A curmudgeon's old-fashioned newspaper personal column, cross-breeding metaphors and journalism and art, with readers in 131 countries.-- Sunrise on the old Santa Fe Trail, New Mexico, looking toward Raton from Cimarron. -- Clarkphoto

Tuesday, October 21, 2014

The death penalty, questions

I know much of the world, including friends and other  "liberals" in this country, are appalled that many states in America still have a "death penalty," marking us  as uncivilized, and alongside the atrocities of certain totalitarian (North Korea) and fundamentalist religious countries elsewhere, especially in the "Mideast."
I'm no longer a "conservative"--whatever that means--and  am ambivalent about the death penalty. I know it has been used unjustly and racially in this country, and I'm opposed to that. I also know that it often costs more to eventually execute a person than put them away for life. Given the "political atrocity" and embarrassment in Oklahoma with Mary Fallin's hurry-up attitude in the last execution, concerns about the death penalty are usually justified.
But.
Sometimes there are crimes of such horror, of such evil, that I believe a death penalty is more than justified.
 I know that we're not in the Old West anymore, where rustlers and criminals can be hanged on the spot, as in "Lonesome Dove," and the changes to our legal system are the marks of a more civilized society. Technology is changing all of this also. When we have video-taped and other digital evidence of some of these crimes, I contend it is infantile and ridiculous to refer to such criminals as "suspects."
When there is no doubt, stand by what the Constitution calls for,  a "speedy" trial.
Sometimes evil needs to be eradicated. Why should evil that causes so much misery be allowed to live on taxpayer dollars?  Timothy McVeigh? Hitler? Osama Ben Laden? Or an Oklahoma son who murders his family? 

Monday, October 20, 2014

Why I paint

Art...I've been around it all my life, and it seems I've only recently began painting. Glancing back through old black and white photos makes me realize that's not so. 
I remember getting in trouble in grade school in New Mexico for drawing in class rather than paying attention. But it's only natural, growing up in the home of my Dad Terrence Miller Clark, who was an uncanny portrait artist from Oklahoma who could draw anyone and anything, and a landscape painter. His work hung all over our house when we grew up, and my brother and I still have much of it hanging on our walls or in storage.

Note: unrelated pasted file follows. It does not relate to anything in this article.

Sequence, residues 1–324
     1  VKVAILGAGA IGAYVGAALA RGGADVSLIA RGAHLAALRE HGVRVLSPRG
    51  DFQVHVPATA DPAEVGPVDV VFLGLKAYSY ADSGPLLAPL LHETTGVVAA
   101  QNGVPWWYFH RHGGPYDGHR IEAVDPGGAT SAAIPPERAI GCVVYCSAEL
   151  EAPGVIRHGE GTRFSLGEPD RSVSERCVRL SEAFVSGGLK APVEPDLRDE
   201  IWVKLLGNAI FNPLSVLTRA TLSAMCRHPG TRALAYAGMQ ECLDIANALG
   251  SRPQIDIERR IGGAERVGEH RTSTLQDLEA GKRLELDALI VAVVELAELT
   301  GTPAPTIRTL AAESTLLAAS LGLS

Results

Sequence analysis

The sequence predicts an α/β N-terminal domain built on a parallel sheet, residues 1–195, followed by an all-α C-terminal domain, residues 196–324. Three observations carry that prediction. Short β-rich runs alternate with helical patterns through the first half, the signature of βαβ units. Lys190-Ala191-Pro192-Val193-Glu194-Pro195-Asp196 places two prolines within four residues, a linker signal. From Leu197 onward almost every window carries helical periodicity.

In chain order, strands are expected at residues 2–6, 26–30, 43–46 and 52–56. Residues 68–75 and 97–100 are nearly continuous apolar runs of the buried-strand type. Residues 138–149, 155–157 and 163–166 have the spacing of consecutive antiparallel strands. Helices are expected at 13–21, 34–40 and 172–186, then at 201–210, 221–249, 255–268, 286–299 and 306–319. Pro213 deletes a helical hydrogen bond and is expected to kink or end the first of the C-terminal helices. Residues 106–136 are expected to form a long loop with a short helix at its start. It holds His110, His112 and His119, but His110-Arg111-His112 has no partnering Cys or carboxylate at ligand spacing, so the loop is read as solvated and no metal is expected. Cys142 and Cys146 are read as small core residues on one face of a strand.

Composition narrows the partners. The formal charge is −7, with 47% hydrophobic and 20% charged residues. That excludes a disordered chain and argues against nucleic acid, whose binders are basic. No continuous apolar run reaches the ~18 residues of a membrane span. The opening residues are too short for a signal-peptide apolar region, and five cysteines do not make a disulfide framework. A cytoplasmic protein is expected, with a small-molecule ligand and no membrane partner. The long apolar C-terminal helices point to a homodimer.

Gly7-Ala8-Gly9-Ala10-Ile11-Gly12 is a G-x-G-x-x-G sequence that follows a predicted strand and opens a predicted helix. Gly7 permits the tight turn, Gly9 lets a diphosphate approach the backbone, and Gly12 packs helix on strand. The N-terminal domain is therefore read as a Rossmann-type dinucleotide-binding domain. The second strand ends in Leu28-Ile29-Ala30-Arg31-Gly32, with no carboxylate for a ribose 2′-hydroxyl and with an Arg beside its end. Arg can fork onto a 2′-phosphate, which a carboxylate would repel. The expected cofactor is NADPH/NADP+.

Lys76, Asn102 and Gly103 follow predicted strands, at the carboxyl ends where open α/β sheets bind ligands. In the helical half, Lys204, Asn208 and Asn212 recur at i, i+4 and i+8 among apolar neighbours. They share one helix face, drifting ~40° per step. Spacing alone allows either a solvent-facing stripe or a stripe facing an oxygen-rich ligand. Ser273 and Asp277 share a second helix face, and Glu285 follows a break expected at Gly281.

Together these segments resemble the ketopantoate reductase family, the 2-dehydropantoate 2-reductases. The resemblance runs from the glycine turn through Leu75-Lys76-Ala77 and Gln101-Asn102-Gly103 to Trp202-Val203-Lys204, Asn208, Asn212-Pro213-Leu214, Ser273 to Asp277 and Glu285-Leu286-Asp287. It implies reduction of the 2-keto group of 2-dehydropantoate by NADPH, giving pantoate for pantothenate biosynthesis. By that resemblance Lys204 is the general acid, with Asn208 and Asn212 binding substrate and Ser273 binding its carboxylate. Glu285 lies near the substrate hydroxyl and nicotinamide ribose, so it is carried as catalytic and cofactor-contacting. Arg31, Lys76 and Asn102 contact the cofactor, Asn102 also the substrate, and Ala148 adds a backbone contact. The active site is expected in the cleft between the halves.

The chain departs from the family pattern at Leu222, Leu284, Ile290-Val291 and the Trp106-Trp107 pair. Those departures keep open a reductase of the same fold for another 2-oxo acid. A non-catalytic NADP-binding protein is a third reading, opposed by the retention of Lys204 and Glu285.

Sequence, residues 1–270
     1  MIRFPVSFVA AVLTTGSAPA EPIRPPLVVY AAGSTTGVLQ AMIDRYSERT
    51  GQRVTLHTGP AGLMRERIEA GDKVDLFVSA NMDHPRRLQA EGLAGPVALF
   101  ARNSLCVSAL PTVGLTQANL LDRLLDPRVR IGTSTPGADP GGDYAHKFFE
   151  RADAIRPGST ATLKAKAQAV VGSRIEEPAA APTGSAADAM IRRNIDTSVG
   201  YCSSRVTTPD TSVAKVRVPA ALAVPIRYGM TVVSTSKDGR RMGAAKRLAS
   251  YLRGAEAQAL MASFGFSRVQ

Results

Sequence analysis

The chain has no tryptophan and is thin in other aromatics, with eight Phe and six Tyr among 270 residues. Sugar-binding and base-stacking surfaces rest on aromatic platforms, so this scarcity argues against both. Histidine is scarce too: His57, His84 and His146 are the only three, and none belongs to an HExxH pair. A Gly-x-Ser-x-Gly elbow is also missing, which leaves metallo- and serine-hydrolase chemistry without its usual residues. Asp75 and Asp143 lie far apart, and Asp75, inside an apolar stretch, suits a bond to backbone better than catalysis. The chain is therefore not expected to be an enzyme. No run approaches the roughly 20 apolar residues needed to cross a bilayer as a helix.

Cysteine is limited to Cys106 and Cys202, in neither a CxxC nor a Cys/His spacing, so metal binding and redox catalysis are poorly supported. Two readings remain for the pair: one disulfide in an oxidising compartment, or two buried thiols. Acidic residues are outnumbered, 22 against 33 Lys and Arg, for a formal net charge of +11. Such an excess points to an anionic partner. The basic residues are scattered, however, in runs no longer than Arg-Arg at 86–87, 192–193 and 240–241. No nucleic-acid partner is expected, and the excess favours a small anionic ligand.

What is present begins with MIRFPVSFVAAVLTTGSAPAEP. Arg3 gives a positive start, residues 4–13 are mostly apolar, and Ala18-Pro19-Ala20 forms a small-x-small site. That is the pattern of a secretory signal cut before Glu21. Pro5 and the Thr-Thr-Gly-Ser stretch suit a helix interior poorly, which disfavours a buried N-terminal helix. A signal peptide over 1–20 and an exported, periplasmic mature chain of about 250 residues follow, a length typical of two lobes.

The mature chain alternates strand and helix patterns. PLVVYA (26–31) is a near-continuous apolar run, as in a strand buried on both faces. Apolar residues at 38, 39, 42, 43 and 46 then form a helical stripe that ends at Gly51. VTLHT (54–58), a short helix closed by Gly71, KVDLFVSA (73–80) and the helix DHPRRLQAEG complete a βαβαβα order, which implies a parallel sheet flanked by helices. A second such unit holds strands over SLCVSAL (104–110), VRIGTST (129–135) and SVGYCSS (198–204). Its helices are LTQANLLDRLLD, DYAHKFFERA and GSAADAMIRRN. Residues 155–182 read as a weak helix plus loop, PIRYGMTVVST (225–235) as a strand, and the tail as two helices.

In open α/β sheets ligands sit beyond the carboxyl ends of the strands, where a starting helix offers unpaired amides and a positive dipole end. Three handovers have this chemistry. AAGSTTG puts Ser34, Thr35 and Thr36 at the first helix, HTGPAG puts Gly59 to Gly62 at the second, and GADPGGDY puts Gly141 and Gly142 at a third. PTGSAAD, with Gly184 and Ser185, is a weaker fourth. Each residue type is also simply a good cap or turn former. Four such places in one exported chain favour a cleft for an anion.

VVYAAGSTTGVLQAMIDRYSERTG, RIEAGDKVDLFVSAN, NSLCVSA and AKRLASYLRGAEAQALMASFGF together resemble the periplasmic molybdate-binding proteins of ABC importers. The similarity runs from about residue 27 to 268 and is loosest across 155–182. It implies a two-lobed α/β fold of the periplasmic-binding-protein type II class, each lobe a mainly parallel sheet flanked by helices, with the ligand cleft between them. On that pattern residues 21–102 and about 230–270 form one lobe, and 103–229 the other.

I still have his old metal paintbox, with some aged oil paints, out in the garage and Susan has been urging me to try oils rather than just watercolors. I suppose that is in the near future. I do so love the smell of oil paint.
But I know I chose watercolors a few years ago because the opportunity arose to take lessons, I needed therapy, and I wasn't in "competition" with my Dad's work.
Still, I'm sorry it took me so long to "come back" to art...getting away from the type-A career-oriented workaholic I was. 
I found this 3" by 4" photo, dated 1947, of me with watercolors at age three and four in Fort Worth, Texas, , painting. And then here's Susan's 4.5" by 6.5" sketch of that. They both hang on the wall in front of me when I paint. 
I guess that's why I paint.


Sunday, October 12, 2014

Saluting Ukraine--fighting for survival

I painted this back in March, when Russia's dictator Putin invaded this peaceful land, annexing part of it. The struggle continues and innocent people are suffering. It symbolizes the Ukraine's flag, being invaded by blood and bars.
I reprint this to call attention to those brave people who so value freedom, trying, alone, to withstand the new Hitler. They serve as examples for us Americans who take our freedoms too much for granted, I think.
During the past week, there have been more readers of this blog from Ukraine than any other country, save the U.S.  Now I know the following term is also the name of one of Ukraine's political parties, but this is merely a salute to your dedication to 
"Freedom."
Свобода
Svoboda

Thank you.

Autumn brilliance

Brilliance--11 by 15 watercolor, 300 Lb. d'Arches
No matter how much you try to capture the brilliance of autumn, you usually fall short, but this is much closer, as my wife Susan (art critic number two after me)  urged me to "Use more brilliant colors."

Reflecting on autumn colors

Reflections--11" by 15" watercolor, 300 # d'Arches
The leaves are just starting to turn here, but it won't be long. The mums are bright, the air crisp, the skies brilliant, the days shorter. Photographs from the mountain west of the aspen already quaking and golden, or from the northeast of the hardwoods in vivid varieties of color  whet  anticipation and wet the paintbrush..